Nationalism and the Future of Civilization

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Harold Laski (1893 - 1950)
Professor Harold Laski (1893 – 1950)
Henry Noel Brailsford (1873 - 1958)
Henry Noel Brailsford (1873 – 1958)
Conway Memorial Lecture
Conway Memorial Lecture
Moncure Conway photo by Edward Steichen, 1907. Courtesy of Dickinson College.
Moncure Conway photo by Edward Steichen, 1907. Courtesy of Dickinson College.
Delivered at Conway Hall 6 April 1932. Chaired by H. N. Brailsford and presented by Professor Harold Laski.

Statehood does not necessarily mean having a sovereign-state mentality, but where the latter exists, it creates problems: the nation- state becomes exclusively concerned with its own interests, and expansionist, increasingly impinging on other states. In the 20th century, with the growth of science, industry and communications, powerful states increasingly affect less powerful ones.

A world of competing nation-states, each a law unto itself, threatens the very survival of civilisation. It creates international anarchy. Only when limits are set to national self- determination can this anarchy be avoided. Nations should see themselves as components of a world- community, as provinces of a ‘civitas maxima’. There should be an international government to deal with a wide range of issues currently the remit of national governments. The basis for such a governments is the present League of Nations.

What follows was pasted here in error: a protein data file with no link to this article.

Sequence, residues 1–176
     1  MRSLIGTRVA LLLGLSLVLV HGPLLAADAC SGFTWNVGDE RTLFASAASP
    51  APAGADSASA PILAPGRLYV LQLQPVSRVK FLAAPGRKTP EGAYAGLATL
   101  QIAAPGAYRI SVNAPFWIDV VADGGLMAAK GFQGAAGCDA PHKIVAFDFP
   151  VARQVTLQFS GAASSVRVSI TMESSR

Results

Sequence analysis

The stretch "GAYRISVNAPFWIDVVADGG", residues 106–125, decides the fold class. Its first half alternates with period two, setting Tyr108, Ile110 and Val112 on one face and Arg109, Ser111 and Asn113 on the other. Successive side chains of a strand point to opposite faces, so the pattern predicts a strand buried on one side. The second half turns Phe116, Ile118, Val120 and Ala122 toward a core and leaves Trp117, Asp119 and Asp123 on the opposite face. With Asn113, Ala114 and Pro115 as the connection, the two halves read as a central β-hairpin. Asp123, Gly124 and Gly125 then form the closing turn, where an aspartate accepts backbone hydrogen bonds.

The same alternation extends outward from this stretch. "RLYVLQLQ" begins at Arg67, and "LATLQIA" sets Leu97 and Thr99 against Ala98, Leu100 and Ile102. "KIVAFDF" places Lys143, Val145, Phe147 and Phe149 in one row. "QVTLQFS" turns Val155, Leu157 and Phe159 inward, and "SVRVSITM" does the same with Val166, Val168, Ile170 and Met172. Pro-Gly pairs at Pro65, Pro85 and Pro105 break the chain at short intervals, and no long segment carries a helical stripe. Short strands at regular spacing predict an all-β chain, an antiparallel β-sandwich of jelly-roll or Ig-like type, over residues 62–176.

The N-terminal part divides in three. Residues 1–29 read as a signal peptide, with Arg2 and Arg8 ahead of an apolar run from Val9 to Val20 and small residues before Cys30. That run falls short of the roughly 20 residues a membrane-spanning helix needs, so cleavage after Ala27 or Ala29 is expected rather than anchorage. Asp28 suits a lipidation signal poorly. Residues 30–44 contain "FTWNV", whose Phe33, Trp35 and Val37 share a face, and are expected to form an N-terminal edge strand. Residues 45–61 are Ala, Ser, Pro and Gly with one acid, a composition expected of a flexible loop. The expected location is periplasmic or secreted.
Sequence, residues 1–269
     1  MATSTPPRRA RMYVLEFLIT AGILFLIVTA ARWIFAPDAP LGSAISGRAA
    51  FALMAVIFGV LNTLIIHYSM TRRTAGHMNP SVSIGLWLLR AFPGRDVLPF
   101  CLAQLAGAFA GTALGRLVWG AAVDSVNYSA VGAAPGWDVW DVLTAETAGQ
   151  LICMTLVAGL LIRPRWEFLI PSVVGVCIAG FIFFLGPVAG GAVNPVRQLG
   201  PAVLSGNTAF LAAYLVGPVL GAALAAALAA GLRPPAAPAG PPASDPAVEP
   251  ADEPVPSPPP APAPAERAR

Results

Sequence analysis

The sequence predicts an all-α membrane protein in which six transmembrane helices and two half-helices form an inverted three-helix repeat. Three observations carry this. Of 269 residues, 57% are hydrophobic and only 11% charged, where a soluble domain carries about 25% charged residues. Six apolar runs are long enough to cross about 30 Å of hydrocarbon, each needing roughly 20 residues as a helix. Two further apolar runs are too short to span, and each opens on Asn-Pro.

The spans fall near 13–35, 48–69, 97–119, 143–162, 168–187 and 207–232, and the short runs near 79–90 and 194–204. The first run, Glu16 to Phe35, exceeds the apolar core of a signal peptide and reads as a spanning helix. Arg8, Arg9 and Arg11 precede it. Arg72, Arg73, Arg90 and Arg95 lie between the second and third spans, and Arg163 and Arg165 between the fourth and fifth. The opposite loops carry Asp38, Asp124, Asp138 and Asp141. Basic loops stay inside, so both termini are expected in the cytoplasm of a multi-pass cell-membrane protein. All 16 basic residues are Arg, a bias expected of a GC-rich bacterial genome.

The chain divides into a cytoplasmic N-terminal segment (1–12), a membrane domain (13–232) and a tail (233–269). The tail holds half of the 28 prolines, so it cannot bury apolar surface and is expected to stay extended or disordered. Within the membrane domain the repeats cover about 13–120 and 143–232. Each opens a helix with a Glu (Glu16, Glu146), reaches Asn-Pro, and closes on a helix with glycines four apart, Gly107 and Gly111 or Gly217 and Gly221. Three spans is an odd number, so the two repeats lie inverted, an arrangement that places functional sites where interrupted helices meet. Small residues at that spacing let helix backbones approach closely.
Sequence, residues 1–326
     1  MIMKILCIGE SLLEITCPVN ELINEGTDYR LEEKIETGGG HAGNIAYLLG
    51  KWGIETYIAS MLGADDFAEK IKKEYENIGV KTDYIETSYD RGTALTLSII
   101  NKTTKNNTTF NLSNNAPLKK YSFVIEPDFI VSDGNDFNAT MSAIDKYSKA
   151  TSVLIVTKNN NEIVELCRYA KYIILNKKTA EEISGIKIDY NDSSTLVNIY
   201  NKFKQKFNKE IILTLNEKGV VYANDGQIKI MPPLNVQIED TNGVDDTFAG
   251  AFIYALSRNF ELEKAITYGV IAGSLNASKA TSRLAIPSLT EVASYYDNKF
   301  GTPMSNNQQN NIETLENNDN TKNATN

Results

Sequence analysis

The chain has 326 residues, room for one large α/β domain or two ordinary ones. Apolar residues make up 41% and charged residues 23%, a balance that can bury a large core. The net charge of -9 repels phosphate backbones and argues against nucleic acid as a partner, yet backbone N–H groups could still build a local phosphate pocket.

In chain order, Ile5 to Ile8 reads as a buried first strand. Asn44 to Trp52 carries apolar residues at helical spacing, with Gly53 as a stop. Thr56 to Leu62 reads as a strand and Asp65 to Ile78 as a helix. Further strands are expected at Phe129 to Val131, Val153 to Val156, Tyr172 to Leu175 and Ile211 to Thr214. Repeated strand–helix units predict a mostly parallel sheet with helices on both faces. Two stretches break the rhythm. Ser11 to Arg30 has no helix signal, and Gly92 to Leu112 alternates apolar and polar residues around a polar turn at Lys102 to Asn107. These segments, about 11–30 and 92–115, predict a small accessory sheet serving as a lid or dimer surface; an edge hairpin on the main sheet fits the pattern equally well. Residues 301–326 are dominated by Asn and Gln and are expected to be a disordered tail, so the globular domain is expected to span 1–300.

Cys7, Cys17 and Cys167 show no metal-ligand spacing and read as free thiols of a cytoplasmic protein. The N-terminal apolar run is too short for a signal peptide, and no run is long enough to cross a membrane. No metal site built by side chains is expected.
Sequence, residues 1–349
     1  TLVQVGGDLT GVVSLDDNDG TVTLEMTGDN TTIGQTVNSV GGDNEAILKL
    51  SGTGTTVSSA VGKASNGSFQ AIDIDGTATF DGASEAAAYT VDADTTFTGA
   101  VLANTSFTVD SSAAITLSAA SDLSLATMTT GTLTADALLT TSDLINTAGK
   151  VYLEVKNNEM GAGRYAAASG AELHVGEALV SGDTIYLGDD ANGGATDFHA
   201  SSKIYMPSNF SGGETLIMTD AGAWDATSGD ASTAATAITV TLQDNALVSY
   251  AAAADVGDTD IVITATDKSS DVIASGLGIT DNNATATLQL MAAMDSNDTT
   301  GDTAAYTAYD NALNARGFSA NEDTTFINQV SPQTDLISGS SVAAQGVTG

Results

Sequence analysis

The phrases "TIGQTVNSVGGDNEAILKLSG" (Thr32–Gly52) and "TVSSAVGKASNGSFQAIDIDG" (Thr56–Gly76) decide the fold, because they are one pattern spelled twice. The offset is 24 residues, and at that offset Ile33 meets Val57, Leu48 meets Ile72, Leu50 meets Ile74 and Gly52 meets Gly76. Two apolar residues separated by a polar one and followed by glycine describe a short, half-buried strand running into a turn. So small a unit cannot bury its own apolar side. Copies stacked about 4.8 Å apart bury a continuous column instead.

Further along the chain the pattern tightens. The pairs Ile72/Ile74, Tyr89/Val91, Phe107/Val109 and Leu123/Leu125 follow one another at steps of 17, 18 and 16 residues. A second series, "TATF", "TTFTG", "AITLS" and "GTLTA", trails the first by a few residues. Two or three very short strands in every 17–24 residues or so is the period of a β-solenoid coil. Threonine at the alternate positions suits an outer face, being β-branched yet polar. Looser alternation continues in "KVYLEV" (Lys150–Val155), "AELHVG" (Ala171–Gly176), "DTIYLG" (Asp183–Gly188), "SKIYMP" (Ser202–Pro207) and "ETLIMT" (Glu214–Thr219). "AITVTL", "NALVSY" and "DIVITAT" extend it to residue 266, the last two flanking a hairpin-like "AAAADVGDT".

Nationalism produces economic imperialism, and the acquisition of profit by the commercial and investing classes. Also nationalism flourishes in conditions of popular ignorance: that is why nationalistic and imperialistic societies do not adequately educate their working classes. Further, while nationalism breeds imperialism, the latter engenders nationalism in the peoples it dominates. This new nationalism may in turn become belligerent. All the more need, then, for international govt.

Within societies, social and economic conditions should be equalised, to annul the power of the commercial and investing classes, and terminate their dominant

influence on government policy, especially foreign policy. While social conditions remain unequal, the resultant tension leads the dominant classes into imperialism as a way of evading efforts to establish economic justice at home. Until economic equality is achieved, there can be no true democracy, and therefore no large-scale channelling of resources into the common good, either nationally or internationally. Also central to democracy is the power of citizens to call the state to account, but this power does not exist when the state is sovereign.

The idea of a world-community is not new in history. It dates back at least to Grotius and other 16th century philosophers of international law. Fortunately, this idea is now being succeeded by that of the rule of law. The latter is indispensable to our survival.

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